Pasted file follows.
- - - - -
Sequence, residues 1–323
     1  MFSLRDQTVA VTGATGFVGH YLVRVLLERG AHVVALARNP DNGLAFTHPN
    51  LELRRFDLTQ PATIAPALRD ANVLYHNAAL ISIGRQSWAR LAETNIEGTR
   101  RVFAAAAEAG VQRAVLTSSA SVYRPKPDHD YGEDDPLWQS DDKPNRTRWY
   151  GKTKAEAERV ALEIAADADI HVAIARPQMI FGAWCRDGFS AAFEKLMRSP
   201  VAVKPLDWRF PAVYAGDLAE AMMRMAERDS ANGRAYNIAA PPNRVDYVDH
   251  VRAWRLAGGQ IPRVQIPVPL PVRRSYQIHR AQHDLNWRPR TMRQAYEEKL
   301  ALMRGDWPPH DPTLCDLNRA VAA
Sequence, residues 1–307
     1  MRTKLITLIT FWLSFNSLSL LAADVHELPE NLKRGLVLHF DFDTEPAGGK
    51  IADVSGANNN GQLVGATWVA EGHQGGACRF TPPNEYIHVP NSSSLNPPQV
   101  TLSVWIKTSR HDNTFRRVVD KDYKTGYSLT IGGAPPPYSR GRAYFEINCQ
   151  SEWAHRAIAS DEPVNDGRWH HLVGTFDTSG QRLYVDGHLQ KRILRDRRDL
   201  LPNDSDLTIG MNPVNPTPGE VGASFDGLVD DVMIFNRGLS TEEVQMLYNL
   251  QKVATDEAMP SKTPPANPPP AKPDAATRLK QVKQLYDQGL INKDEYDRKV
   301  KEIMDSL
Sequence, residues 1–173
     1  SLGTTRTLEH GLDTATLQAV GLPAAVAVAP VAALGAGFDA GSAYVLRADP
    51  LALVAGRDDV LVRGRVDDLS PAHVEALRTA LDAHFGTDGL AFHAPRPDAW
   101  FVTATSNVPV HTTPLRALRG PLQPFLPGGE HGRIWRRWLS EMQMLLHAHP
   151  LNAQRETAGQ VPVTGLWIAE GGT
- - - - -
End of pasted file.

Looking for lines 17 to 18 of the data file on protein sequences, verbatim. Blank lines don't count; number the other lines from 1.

Sequence, residues 1–173
     1  SLGTTRTLEH GLDTATLQAV GLPAAVAVAP VAALGAGFDA GSAYVLRADP